On November 2, 2009, the day of trial, defendant moved to relieve his attorney and to represent himself. During the Marsden*fn4 hearing, defendant stated that he requested subpoenas for multiple witnesses and experts and that his attorney never subpoenaed them. Defense counsel responded that his investigators had spent numerous hours interviewing the witnesses defendant told him about and that the witnesses were prejudicial to defendant's case and confirmed defendant has an anger problem and "[h]e can go into a rage over anything." Defendant also said that most of his meetings with his attorney had been about possible plea deals and not issues concerning the merits of his case. The trial court ultimately denied the Marsden motion.
During the Faretta hearing, the prosecutor opposed the motion on the ground that trial was scheduled for that day and his witnesses were waiting in the hall. Defendant requested a six- to eight-week continuance to prepare for trial in the event his motion was granted. The court denied the Faretta motion on the grounds it was untimely and would result in prejudice to the prosecution. In addition, the court stated that its decision took into account defendant's earlier Marsden motion.
Following a bench trial, the court found defendant not guilty of assault with a firearm and guilty of four counts of assault with a deadly weapon and possession of a firearm by a felon. The court also found true both great bodily injury enhancements. The court sentenced defendant to a total of 11 years 8 months.
The four witnesses who testified at trial were defendant's landlord, two of his roommates, and Officer Andre Carlisle.
Defendant raises two issues in connection with the denial of his Faretta motion. He contends the court erred in ruling his request untimely and, alternatively, abused its discretion in failing to properly consider the factors set forth in Windham, supra, 19 Cal.3d at page 121, in determining whether he should be allowed to represent himself anyway. Assuming for the sake of argument that the trial court correctly found defendant's Faretta motion untimely, we nonetheless agree with defendant that the trial court abused its discretion when it failed to consider the Windham factors in ruling. Applying the Windham factors to the facts set forth in the record, we conclude the trial court erred in denying defendant's Faretta motion.
A criminal defendant has a constitutional right under the Sixth and Fourteenth Amendments to represent himself at trial. (Faretta v. California, supra, 422 U.S. at pp. 819-821 [45 L.Ed.2d at pp. 572-574].) The underlying rationale of the Supreme Court's Faretta decision is that "the state may not constitutionally prevent a defendant charged with commission of a criminal offense from controlling his own fate by forcing on him counsel who may present a case which is not consistent with the actual wishes of the defendant." (Windham, supra, 19 Cal.3d at p. 130.) A request to exercise the constitutional right of self-representation, however, must be "asserted within a reasonable time before the commencement of the trial." (People v. Bloom (1989) 48 Cal.3d 1194, 1219.)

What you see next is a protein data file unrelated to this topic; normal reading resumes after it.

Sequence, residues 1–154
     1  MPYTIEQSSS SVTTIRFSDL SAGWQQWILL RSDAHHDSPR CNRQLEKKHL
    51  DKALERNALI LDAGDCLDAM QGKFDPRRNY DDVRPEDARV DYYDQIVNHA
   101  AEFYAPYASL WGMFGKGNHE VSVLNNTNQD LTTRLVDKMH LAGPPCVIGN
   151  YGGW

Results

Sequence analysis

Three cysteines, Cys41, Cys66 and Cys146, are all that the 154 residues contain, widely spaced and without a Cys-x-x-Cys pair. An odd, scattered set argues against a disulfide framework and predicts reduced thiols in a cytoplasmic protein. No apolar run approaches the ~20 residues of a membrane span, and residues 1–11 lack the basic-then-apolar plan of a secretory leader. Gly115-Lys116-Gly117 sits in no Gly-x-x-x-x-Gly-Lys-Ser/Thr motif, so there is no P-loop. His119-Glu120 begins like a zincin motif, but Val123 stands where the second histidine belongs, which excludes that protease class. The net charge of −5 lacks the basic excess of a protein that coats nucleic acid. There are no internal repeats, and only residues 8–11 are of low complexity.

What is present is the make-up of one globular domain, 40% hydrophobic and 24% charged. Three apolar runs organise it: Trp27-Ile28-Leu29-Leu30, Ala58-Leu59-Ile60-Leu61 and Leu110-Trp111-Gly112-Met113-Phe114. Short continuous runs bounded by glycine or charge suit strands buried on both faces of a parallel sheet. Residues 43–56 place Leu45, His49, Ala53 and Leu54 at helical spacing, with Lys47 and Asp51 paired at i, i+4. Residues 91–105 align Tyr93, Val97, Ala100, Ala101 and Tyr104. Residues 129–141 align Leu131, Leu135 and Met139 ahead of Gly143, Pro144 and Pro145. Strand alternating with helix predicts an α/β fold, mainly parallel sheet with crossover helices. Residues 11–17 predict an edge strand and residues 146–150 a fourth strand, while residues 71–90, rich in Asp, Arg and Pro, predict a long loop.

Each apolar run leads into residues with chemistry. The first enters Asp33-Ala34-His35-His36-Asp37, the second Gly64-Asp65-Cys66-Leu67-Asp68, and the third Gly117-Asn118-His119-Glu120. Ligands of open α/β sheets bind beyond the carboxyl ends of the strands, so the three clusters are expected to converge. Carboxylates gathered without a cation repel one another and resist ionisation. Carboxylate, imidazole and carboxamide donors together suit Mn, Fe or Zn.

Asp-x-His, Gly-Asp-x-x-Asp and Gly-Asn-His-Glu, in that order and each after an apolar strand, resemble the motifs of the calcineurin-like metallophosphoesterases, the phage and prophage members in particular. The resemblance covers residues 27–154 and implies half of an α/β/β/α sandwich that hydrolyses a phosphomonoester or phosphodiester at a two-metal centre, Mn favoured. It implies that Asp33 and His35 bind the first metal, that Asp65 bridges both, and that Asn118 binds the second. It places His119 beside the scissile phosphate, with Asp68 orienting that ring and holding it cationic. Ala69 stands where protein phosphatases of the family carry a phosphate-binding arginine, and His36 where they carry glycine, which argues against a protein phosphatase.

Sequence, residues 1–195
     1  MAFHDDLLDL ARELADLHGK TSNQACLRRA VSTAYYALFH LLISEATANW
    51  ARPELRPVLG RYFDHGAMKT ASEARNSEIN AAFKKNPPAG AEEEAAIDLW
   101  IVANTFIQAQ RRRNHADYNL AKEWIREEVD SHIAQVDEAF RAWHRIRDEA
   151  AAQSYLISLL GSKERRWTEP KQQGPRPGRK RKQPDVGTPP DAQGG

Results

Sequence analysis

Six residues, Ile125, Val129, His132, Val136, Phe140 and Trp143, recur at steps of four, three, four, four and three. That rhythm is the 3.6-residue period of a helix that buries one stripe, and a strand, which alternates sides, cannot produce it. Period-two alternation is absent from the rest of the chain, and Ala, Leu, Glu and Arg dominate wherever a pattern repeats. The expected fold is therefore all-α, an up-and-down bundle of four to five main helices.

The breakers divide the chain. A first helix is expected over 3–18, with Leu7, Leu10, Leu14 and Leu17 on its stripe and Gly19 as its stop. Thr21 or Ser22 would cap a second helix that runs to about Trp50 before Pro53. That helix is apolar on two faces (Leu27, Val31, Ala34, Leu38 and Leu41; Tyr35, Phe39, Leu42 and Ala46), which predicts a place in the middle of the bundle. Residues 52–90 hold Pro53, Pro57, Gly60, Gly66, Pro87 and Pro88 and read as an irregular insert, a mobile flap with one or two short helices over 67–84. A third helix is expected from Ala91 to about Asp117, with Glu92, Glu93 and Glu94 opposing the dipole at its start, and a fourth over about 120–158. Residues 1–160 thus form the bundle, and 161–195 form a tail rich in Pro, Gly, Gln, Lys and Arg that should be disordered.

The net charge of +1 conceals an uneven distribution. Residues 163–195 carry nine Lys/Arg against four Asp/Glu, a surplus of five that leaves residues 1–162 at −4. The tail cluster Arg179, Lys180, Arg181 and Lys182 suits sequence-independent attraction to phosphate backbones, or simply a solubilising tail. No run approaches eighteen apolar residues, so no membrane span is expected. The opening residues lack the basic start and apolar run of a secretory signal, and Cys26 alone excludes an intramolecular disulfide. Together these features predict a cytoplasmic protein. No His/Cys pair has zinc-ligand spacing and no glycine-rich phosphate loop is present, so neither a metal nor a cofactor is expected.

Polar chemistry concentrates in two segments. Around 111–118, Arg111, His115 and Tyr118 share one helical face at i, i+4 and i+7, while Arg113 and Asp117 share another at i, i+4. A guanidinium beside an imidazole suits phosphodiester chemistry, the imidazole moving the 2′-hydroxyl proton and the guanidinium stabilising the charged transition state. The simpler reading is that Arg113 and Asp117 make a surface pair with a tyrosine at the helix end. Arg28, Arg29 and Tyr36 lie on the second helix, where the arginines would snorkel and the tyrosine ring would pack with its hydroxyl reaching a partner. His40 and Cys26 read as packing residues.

Our Supreme Court has not fixed "any particular time at which a motion for self-representation is considered untimely, other than that it must be a reasonable time before trial." (People v. Clark (1992) 3 Cal.4th 41, 99.) The reasonable time requirement is intended to prevent a defendant from "misus[ing] the Faretta mandate as a means to unjustifiably delay a scheduled trial or to obstruct the orderly administration of justice." (Windham, supra, 19 Cal.3d at p. 128, fn. 5.)
Where the defendant's Faretta motion is untimely, the court is not obligated to grant the motion -- that is, the defendant has no absolute right to represent himself -- but the court must nonetheless exercise its discretion to determine whether the request should be granted anyway. (Windham, supra, 19 Cal.3d at pp. 128-129.) When an untimely request for self-representation is made, "the trial court shall inquire sua sponte into the specific factors underlying the request thereby ensuring a meaningful record in the event that appellate review is later required. Among other factors to be considered by the court in assessing such requests made after the commencement of trial are [(1)] the quality of counsel's representation of the defendant, [(2)] the defendant's prior proclivity to substitute counsel, [(3)] the reasons for the request, [(4)] the length and stage of the proceedings, and [(5)] the disruption or delay which might reasonably be expected to follow the granting of such a motion. Having established a record based on such relevant considerations, the court should then exercise its discretion and rule on the defendant's request." (Windham, supra, 19 Cal.3d at pp. 128-129.)
Here, the trial court ruled defendant's Faretta motion untimely but did not consider the Windham factors as it should have in deciding whether defendant should be allowed to represent himself anyway. The trial court's failure to do so was an abuse of discretion. Rather than remand the matter to the trial court, however, we will assume for the sake of argument that defendant's Faretta motion was, in fact, untimely, and we will apply the Windham factors ourselves, because when we do so the only reasonable conclusion is that the trial court should have allowed defendant to represent himself.